Review: The Japanese: A History in Twenty Lives by Christopher Harding

The Japanese: A History in Twenty Lives [2020] – ★★★★★

In this new book, Dr Harding traces the history of Japan through the lives of twenty remarkable people that helped to shape the country, making a powerful impact on either its politics, business, religion, science, culture or just society at large, and – more often than not – against all odds and in very challenging times. From heroic personalities from mythology and ancient politics to people who changed business, music or literary scene, the author introduces each extraordinary individual in turn, focusing on their childhood, on Japan of their time and on their contribution to the country, with the result being that Japan finally became what it is now – a culturally rich country full of so many paradoxes, intricacies and hidden treasures that a lifetime will not be sufficient to know and understand them all. In this book, we get to know royalties, warlords, samurai, Buddhist monks, politicians, businessmen, scientists, poets, singers, revolutionists and Manga creators. Dr Harding’s book is a history of Japan in a bright new form that is a pure pleasure to read.

Tezuka Osamu

For example, from the ancient era, Dr Harding talks about the legendary Prince Shotoku (574 – 622), who is “celebrated as [the] state’s founding father” [2020: 23]. He was the very first to see “beyond Buddhism’s ritual potential and appreciate its philosophical depths” [2020: 29], and laid down Nara as the new Imperial capital. Allegedly, the Prince was also the one responsible for the archipelago’s first Constitution [2020: 30], a document that stressed harmony and good faith, as well as renewed contact with China. From the modern era, there is the “God of Manga” Tezuka Osamu (1928 – 1989), who was the legendary creator of the equally legendary boy-robot “Atom”, and who lived through the 1960s technological and economical boom. Inspired by Disney, Osamu opened his own production company in time, taking his Manga creations to the big screen. However, his heart always remained with his vision of making children think critically and be inspired creatively. “Tezuka himself was…interested in presenting children with the varied challenges of adult life – the fear, misunderstanding and discrimination” ; “too many people [according to Osamu] lived as though they were “programmed” to obey” [Harding, 2020: 359].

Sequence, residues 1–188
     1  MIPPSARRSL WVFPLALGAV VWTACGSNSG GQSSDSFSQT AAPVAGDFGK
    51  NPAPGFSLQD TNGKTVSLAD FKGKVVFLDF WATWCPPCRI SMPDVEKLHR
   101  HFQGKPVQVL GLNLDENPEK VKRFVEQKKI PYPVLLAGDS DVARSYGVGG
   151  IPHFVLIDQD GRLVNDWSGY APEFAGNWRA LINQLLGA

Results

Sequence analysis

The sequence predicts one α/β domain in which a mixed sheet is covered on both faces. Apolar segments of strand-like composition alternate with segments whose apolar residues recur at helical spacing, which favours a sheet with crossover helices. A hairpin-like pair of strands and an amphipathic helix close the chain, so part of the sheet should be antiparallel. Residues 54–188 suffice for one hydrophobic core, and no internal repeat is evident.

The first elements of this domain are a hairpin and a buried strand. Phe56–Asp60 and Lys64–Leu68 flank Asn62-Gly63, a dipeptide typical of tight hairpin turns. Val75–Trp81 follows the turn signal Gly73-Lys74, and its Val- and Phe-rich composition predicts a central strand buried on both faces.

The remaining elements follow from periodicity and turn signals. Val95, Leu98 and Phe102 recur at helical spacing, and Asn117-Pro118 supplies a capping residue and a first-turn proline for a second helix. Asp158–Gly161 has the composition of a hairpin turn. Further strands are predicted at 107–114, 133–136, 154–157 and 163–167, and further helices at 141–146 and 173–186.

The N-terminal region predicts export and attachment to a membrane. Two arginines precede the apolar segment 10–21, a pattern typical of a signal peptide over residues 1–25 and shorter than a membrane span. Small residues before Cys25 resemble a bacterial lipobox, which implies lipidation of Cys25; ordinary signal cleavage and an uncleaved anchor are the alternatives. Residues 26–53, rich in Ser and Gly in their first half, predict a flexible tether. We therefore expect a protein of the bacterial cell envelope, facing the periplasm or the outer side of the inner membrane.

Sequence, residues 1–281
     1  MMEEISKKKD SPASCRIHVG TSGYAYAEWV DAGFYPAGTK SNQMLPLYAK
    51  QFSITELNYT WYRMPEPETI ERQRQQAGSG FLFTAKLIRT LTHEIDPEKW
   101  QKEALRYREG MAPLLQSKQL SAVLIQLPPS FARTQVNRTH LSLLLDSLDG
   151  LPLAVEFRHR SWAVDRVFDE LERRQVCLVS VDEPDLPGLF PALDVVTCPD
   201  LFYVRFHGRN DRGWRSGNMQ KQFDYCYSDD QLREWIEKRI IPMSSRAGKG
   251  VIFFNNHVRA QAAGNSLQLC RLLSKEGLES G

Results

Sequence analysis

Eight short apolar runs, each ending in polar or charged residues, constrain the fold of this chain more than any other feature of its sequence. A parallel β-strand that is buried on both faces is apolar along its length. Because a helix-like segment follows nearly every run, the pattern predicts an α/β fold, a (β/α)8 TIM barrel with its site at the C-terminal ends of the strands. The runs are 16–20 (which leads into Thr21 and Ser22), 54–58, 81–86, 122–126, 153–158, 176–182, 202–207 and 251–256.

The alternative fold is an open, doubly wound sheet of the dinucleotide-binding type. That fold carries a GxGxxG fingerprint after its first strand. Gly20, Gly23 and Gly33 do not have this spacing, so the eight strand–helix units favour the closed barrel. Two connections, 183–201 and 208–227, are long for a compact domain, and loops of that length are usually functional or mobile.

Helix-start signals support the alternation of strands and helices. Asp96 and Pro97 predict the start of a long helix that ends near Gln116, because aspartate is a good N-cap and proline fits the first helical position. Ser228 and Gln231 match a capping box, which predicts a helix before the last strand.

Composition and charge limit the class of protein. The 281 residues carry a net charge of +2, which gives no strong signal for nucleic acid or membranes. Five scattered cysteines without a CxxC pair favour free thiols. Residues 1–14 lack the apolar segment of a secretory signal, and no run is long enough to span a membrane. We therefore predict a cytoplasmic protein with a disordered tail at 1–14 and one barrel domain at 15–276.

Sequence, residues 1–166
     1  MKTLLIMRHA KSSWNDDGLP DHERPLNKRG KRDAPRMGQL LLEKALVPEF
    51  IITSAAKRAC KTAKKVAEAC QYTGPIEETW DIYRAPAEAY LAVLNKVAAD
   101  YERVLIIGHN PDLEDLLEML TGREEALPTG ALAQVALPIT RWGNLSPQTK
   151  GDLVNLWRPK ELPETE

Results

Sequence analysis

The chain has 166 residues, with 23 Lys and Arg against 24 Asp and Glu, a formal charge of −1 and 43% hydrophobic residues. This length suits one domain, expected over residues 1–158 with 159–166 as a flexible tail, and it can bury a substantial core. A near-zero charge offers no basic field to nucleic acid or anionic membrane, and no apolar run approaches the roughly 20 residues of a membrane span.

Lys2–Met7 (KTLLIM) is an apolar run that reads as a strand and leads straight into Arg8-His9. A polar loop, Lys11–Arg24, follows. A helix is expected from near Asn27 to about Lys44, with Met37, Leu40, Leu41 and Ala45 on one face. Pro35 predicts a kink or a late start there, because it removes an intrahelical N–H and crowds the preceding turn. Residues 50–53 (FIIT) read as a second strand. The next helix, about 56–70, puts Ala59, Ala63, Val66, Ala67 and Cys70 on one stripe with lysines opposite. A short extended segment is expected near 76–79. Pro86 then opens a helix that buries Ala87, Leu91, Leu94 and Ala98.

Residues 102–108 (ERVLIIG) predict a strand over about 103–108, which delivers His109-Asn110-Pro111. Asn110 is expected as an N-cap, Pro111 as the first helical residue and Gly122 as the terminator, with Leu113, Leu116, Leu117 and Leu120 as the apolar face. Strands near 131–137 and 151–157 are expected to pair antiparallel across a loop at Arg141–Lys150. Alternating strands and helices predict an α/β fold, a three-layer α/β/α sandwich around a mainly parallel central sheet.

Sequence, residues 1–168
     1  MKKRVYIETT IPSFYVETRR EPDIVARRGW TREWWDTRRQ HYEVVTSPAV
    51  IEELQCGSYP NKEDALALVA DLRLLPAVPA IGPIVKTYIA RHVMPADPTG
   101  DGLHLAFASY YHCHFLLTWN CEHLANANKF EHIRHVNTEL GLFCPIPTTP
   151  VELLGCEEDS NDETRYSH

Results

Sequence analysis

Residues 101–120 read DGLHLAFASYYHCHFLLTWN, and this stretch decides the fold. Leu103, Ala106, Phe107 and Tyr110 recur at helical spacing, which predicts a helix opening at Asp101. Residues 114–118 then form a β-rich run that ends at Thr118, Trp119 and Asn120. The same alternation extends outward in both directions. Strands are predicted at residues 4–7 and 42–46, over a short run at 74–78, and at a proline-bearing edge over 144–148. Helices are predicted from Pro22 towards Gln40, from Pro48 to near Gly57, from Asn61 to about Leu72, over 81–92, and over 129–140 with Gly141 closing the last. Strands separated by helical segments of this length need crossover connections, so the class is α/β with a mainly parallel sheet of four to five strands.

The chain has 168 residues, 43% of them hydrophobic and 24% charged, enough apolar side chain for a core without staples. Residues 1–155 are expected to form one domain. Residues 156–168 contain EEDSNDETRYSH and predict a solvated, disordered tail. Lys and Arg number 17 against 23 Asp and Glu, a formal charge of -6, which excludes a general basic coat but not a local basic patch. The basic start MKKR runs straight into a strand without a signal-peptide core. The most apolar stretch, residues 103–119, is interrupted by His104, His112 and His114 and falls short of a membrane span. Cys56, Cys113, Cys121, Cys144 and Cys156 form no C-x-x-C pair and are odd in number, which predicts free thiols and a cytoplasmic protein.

This is the list of all twenty celebrated people presented in the book:

  1. Himiko [c. 170 – 248] – Shaman Queen Himiko was a mythical Queen of the realm Yamatai before there was such a country as Japan. Regarded by the Chinese as the shaman of extraordinary power, Himiko was a fierce leader before the existence of any any war lords and was able to unite her people and lead them to prosperity through metallurgy and rice cultivation.

2. Prince Shotoku [573 – 621] – Founding Father

3. Emperor Kanmu [737- 806] – Boundary Pusher

4. Murasaki Shikibu [c. 973 – unknown] – Court Reporter This aristocratic diarist and lady-in-waiting created the world’s first novel – The Tale of Genji.

5. Hojo Masako [1157 – 1225] – The Nun Shogun

6. Shinran [1173 – 1262] – Power to the People

7. Zeami [1363 – 1443] – Master of Arts A prolific Noh actor and playwright, responsible for such famous Noh plays as The Well-Cradle and Wind Through the Pines. He helped to elevate the traditional Japanese theatre into pure art through his attention to details, philosophy and aesthetics.

8. Oda Nobunaga [1534 – 1582] – Unity or Else

9. Hasekura Tsunenaga [1571 – 1622] – Voyager

10. Ihara Saikaku [1642 – 1693] – Amorous Man

11. Sakamoto Ryoma [1835 – 1864] – Revolutionary

12. Kusumoto Ine [1827 – 1903] – Building the Body

13. Shibusawa Eiichi [1840 – 1931] – Entrepreneur – Shibusawa was the “father of Japanese capitalism”. His great aim in life was to elevate the business of doing business, liberating it from the old samurai contempt for merchants while avoiding the reputation for greed and selfishness that commerce acquired in some quarters of the West” [Harding, 2020: 241].

14. Tsuda Umeko [1864 – 1929] – Culture Shock

15. Ikeda Kikunae [1864 – 1936] – Taste-Maker

16. Yosano Akiko [1878 – 1942] – Poet of Peace and War“Yosano made her name creating poetry for a generation of young women who aspired to a more than the sorts of marriages memorably described by Hiratsuka Raicho as slavery during the daytime and prostitution at night” [Harding, 2020: 300].

17. Misora Hibari [1937 – 1989] – Starlet

18. Tezuka Osamu [1928 – 1989] – Dream Weaver

19. Tanaka Kakuei [1918 – 1993] – Shadow Shogun